Innovation Conversations: Q&A with Molly Shoichet

Lindsay Borthwick
January 30, 2019

In science, you could say that Molly Shoichet has done it all. She leads a large research group at the University of Toronto that combines engineering, chemistry and biology to address some of the biggest questions in medicine, such as how to restore vision and how to regenerate the brain after a stroke. She is also a serial entrepreneur who has launched three companies. The latest, AmacaThera, is focused on commercializing a drug-delivery material developed in her lab that could dramatically reduce the use of prescription opioids by patients after an operation. And then there are the numerous leadership roles Shoichet has held, including her brief tenure as Ontario’s first—and so far, only—chief scientist, advocating for evidence-based decision-making in government.

In an interview with RE$EARCH MONEY, Shoichet discussed her new venture, as well as her views on innovation in Canada.

RE$EARCH MONEY: AmacaThera is a start-up focused on the long-lasting delivery of pain medication to patients who have undergone surgery. How did it come about?

Molly Shoichet: In my lab, we first invented a new material about a decade ago. The material has some really cool engineering properties, but it turned out to have some really important biological properties, too: it is an anti-inflammatory, it promotes wound healing, and it promoted the survival of cells. We thought, well, let's see if there's an opportunity to advance this technology towards commercial IP.

The application AmacaThera is launching with is a product for postsurgical pain. We chose this application because there is a really big clinical need, a really large market pull, and also a great social benefit in terms of overcoming pain associated with having an operation. And given that we're living in this age of the opioid crisis, if we can get standard pain medications to work for a longer period of time, then we could obviate the need for patients that take opioids after surgery.

R$: What stage is the company at?

MS: The company really incubated in my lab at the University of Toronto, where we were able to do all of the preclinical studies. Now, we have to prepare to do the clinical trials and outsource the work we’ve been doing to a contract research organization and a GMP [good manufacturing practices] facility to bring things to scale.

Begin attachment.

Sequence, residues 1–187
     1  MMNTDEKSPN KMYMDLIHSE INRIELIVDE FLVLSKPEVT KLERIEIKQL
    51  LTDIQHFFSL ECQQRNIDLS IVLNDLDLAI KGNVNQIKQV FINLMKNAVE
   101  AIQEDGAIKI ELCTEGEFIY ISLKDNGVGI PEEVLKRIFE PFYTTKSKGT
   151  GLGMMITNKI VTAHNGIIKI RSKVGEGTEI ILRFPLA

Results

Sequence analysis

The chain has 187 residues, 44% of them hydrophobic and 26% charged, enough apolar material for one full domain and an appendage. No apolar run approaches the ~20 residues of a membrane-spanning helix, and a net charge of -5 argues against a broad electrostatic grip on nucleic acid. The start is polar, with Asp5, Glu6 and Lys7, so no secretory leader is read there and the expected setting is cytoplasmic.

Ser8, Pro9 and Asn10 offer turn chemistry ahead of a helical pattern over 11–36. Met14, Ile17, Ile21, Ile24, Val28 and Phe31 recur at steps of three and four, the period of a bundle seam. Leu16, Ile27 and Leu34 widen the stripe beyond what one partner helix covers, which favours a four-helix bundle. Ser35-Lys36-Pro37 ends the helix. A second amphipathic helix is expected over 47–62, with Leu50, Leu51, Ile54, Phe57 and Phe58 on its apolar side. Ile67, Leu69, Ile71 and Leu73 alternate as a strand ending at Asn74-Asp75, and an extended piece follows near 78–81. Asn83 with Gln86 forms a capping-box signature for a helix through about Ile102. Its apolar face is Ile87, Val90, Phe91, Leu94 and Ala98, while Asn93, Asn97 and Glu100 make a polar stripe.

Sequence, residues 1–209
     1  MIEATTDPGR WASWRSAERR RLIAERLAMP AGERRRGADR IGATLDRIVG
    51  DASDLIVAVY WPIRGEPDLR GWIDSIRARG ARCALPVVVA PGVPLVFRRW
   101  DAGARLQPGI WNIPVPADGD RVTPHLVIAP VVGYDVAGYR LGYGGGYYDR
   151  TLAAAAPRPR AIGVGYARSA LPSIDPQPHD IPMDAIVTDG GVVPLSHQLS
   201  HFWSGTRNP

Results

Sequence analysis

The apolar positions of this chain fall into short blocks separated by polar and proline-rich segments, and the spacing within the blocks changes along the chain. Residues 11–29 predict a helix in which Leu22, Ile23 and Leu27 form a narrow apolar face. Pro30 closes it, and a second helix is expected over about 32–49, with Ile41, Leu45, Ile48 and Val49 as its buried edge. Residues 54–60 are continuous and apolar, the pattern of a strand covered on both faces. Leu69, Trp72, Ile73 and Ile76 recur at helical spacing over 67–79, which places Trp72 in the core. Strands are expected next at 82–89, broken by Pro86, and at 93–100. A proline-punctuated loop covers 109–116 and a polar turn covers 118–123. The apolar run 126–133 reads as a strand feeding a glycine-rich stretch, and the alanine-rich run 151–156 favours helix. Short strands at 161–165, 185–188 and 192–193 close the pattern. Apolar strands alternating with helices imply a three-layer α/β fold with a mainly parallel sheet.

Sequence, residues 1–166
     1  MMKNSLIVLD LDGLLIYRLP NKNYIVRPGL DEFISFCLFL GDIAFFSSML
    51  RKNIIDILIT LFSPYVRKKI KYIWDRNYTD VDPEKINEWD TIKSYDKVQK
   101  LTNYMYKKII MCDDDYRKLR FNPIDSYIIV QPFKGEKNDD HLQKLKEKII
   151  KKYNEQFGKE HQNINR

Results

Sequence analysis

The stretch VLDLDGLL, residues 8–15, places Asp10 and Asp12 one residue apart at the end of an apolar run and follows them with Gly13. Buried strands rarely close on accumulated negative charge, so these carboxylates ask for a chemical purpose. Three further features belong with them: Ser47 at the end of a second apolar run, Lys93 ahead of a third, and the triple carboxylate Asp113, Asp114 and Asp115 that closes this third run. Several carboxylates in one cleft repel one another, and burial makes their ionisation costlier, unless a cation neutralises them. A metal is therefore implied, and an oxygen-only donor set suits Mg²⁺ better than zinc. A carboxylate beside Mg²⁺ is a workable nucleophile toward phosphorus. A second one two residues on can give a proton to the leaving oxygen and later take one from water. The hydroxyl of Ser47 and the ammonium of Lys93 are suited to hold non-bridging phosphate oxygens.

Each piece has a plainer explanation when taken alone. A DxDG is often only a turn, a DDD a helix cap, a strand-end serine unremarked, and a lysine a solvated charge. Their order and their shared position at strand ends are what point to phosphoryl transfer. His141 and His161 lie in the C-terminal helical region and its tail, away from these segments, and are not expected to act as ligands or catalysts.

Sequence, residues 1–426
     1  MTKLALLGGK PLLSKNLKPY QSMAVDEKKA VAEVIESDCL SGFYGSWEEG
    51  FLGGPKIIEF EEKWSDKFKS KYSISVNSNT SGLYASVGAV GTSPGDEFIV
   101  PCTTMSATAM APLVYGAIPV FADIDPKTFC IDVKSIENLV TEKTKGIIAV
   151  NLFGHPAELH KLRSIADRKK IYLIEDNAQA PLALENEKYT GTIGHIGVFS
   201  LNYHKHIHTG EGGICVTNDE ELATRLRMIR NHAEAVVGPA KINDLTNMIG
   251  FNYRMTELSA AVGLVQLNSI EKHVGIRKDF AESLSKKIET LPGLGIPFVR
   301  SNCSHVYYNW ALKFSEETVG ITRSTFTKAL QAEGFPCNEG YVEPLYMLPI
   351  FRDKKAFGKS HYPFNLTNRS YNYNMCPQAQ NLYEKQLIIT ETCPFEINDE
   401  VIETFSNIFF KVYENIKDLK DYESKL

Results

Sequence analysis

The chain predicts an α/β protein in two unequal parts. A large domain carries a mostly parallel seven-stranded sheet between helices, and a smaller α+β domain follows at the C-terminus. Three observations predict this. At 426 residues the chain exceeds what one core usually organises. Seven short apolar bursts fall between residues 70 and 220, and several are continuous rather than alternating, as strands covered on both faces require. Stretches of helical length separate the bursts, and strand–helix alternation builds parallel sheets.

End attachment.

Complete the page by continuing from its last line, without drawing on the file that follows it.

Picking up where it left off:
In terms of funding, our funding round is still open, so we are still looking actively for investors. We were thrilled to get two venture capital groups to kick off this round, but they're both from the United States. It would be really great to have some Canadian investors on our team because our goal is to build a great company and build something that will meet patients’ needs in Canada. But there's already the pull to go the U.S.

R$: What major challenges have you faced with AmacaThera so far?

MS: I think the big challenge we face in Canada, especially in biotech, is access to capital. Unlike apps or digital technologies, with biotech everything takes longer to bring to fruition. I would say the rewards are very high but the timeline to get there is longer.

So with AmacaThera, we've tried to do everything to de-risk it as much as possible, in terms of working with known drugs. Think of it like a recipe: All the ingredients are known, but you put them together in a unique way and you get something that just tastes great. That is what we're doing as well. Everything is known, but we're putting the parts together in a way that nobody has done before, and therefore we're getting results that no one's been able to get before.

R$: Has the company benefitted from the support of government or other organizations?

MS: We participated in the Creative Destruction Lab, which is out of the Rotman School of Management. We learned a lot going through that program. We also participated in a program called UTEST [University of Toronto Early Stage Technology program], where we got our first $50,000 in funding. Then we worked with OBIO [Ontario Bioscience Innovation Organization], which provided us with a bit more money and also access to advisors and an ecosystem. We also worked closely with MaRS Innovation on our patent strategy, plus we received an NSERC Idea to Innovation grant.